Electric Guest returns with long-awaited second album | The Triangle

Electric Guest returns with long-awaited second album

Photo: Downtown Records
Photo: Downtown Records

It’s been a long four years since Los Angeles-based, indie pop-rock band Electric Guest blessed us with new music. After a long wait, lead singer Asa Taccone and drummer Matthew Compton delivered to us the album “Plural” in all its glory.

The album begins with Taccone singing in his signature falsetto before a head nod-inducing piano offers a rhythm accompanied by some soft drums in “Zero.” This, right here, is classic Electric Guest.

For those who haven’t heard the Danger Mouse-assisted debut album of the Los Angeles duo, you should know the album “Mondo” featured lots of electronic sounds surrounded by live instrumentation and almost exclusive falsetto singing by Taccone.

The shining moment of this track, and easily my favorite moment of the entire album, comes at the very end, when the music drops out from underneath and the production opens up wide for Taccone to croon: “It’s always the narrow ones who say that something’s off/ They overlook you or refuse/ But the undertow is only lost time to rise above the low.”

Once the chills settle, Electric Guest takes us into “Glorious Warrior,” the ’80s-influenced song about lost love and heartbreak, with a style that’s eerily similar to some of the great, late Michael Jackson’s most famous work.

Another notable 80s-influenced track on this album is the lead single and magnum opus of the duo, “Dear To Me.” This song is infectiously catchy and has the makings of a hit record. “Dear To Me” is super simple, summery and funky. HAIM helps with additional vocals, especially on the hook, which is arguably the greatest stanza of music I’ve ever heard from Taccone purely for its simplicity and relatability.

Listen to “Dear To Me” a few times and tell me that it isn’t stuck in your head afterwards.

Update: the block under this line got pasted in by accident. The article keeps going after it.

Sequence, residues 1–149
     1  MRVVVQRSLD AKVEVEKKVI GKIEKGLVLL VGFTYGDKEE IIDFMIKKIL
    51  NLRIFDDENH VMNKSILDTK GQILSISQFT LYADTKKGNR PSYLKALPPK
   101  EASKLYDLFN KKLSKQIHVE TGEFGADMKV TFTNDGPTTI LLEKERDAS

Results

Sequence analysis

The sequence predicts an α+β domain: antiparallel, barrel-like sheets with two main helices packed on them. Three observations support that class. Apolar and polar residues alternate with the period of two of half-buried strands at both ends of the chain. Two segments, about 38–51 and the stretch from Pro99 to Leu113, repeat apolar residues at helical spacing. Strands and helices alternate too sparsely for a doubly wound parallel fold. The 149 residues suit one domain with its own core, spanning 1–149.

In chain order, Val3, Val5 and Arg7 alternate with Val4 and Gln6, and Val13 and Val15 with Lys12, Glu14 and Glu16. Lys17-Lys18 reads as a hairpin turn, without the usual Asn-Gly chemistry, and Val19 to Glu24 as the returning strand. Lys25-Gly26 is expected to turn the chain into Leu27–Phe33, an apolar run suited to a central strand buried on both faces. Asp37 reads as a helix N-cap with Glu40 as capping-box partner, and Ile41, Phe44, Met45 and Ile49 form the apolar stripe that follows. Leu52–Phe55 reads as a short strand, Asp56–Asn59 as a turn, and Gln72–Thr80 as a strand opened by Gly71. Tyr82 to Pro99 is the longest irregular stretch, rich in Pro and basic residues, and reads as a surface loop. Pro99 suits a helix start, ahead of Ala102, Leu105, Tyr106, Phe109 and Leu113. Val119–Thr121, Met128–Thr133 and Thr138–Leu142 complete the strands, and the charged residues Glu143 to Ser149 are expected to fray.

The duo usually work within a ’70s or ’80s style, although I must say it’s more toned down on this album than it was on their last. Notably, the duo abandons this new-vintage style for some radio-pop songs that play it super cool and come off as rather lazy as far as songwriting goes.

“Back & Forth” and “Oh Devil” both have a very familiar radio-pop feel to them, especially the latter which sounds a lot like a Major Lazer-DJ Snake collaboration. “Back & Forth” takes the cake for the lowest common denominator in pop music-making, however, as the lyrics are pretty obscure and probably purposefully vague.

Taccone and Compton employ some common pop music techniques in their music that, for the most part work, but they are just a tad noticeable to me (I’m going to say it’s just short of being forced). On a more complimentary note, though, “Back & Forth” is a really fun song to listen to.

When they’re not doing pop or the catchy ’70s and ’80s jams, they’re making classic indie rock, as heard on “Back For Me,” “Over” and “My Omen.”

The last great, shining moment on this album comes at the penultimate track, “Sarah.” A classic love ballad, “Sarah” is the true love we’ve all had, but sadly no longer have, in our lives. The chorus is simple, again, but emotive. It’s a powerful song that shows the power of Taccone’s songwriting abilities.

Taccone has a knack for writing songs that are obscure, but vague enough that you can see yourself thinking these same thoughts. While his singing is nothing extraordinary, it works for the music he and Compton create. Taccone may not have the greatest singing voice, but he knows how to sing with emotion and perform his tracks with unparalleled grace and style.

Sonically, this album is bright and contains a number of songs I can see myself cruising to with the windows down when the weather’s warm. There are only a few truly incredible moments on this album, something I think their debut album had a lot more of, but there are a lot of good vibes on “Plural” that are sure to please fans of indie rock, indie pop and reimagined funk-inspired production.

“Plural” has something for a lot of different tastes, and if the music is any indication, Electric Guest may well be on their way to gaining some mainstream attention.